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The executive had been granted various delegations of authority, including the authority to chair staff representative bodies. The employee held union and staff representation mandates. These positions were crucial to the outcome of the case.  

The disciplinary immunity for private activity is broad…

In general, an employee has the right — even during working hours and at the workplace — to respect for the privacy of his or her private life. Therefore, a reason based on the employee’s personal life cannot generally justify disciplinary dismissal. 

This is the case, for example, when the employee makes racist or xenophobic remarks in private conversations, even via the employer’s communication platform. So long as these conversations were not intended to become public and had no impact on the author’s relationships with customers or colleagues, the courts have ruled they cannot be the basis for disciplinary action.  

One might therefore assume that a romantic relationship between employees, which is by nature private and intimate, would be treated in the same way and would not give rise to disciplinary action. That would be somewhat hasty! 

…but it is not total

The disciplinary immunity for actions taken in private life is subject to two exceptions which have the effect of restoring the employer’s disciplinary power: 

  • When the actions relate to the employee’s professional life. Disciplinary action can be taken for private conduct when it is possible to identify, through the facts, objective elements of ‘inclusion’ in the professional sphere. This exception has been applied, for example, to an employee who uses a company vehicle to commit theft to the detriment of a third party during the weekend. It has similarly been applied to an employee who engaged in threats, insults and aggressive behaviour during a leisure stay sponsored by the employer outside of work time and place, but in which other employees and superiors also participated. 
  • When the actions amount to a breach of contractual obligations. The obligation of loyalty is the contractual obligation most often put forward by employers. It is mainly on this basis that the recent judgment was rendered. 

How to characterise breach of the obligation of loyalty?

In ruling that the executive breached the duty of loyalty, the Court of Cassation relied first on the factual elementsfound by the lower court regarding the executive’s broad powers and the broad scope of his responsibilities. The court noted that the executive exercised management functions, and in particular he was responsible for human resources management. In that capacity, he had been given various responsibilities in matters of hygiene, safety and work organisation, as well as permanently chairing the various staff representative bodies.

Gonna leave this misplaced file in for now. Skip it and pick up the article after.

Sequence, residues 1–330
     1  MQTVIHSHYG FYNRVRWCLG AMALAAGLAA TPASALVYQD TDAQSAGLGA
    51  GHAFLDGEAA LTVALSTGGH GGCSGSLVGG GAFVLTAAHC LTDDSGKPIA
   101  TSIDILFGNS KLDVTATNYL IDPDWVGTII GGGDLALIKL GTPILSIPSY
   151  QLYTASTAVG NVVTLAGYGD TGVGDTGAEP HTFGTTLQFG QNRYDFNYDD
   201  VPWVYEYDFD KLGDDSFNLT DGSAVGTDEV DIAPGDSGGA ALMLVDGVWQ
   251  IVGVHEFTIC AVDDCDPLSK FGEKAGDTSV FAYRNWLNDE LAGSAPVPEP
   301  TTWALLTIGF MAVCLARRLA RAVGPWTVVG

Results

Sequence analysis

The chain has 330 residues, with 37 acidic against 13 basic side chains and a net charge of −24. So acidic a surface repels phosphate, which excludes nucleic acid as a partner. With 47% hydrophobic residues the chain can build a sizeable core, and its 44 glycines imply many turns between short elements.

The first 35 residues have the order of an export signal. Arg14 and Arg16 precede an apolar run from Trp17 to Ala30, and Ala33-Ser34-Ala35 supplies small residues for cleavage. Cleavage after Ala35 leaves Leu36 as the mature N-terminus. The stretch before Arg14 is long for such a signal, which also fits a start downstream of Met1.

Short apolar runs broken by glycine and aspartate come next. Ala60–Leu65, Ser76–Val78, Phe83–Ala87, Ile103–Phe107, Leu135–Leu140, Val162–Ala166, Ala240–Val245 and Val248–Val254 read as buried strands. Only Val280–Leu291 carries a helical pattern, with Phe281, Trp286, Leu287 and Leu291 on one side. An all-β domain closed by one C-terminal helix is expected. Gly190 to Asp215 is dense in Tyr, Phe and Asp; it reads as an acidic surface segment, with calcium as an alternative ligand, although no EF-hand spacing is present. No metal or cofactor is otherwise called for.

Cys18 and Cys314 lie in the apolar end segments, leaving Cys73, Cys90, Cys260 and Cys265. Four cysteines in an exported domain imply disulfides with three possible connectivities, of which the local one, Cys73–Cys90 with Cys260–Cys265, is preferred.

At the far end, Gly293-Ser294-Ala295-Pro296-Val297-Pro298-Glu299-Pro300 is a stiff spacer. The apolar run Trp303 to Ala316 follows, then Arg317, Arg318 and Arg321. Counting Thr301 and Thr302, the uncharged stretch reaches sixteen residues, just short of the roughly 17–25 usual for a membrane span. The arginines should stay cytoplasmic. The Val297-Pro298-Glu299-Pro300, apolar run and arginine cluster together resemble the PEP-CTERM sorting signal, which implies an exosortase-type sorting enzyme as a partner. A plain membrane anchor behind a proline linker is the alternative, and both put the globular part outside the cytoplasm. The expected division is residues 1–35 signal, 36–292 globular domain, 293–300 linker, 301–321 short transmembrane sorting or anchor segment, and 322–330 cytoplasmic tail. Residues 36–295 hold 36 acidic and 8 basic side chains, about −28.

The court also noted the particularities of the status of the employee who was the romantic partner. In exercising union and staff representation mandates, she had been involved in strike movements and occupation of one of the company’s establishments. She had also participated in various meetings concerning a workforce reduction project, in which her partner represented the company, while subjects described as sensitive were discussed. 

The court held that these specific elements, linked to the exercise of the representation of the employer for one of the partners of the couple, and to the representation of the staff for the other, meant that the concealment of the intimate relationship amounted to a breach of the obligation of loyalty. The dismissal for this reason was legitimate, even if the company had not suffered any actual harm as a result of the situation.  

In any case, the court emphasised that it is primarily the secret kept around the romantic relationship which constituted the breach. However, while the primary reason for the judgment was the breach of the obligation of loyalty, the court also stated that the intimate relationship was itself related to professional duties and likely to affect the proper exercise of those duties. Therefore, even if the relationship had been brought to the attention of the employer, the employer would probably still have had the right to bring disciplinary action. 

Takeaway for Employers

Romance in the workplace is always a risky bet. This is especially so where the partners in the relationship have significant managerial or employee representation duties. 


Discover more about employment contracts on our Global HR Law Guide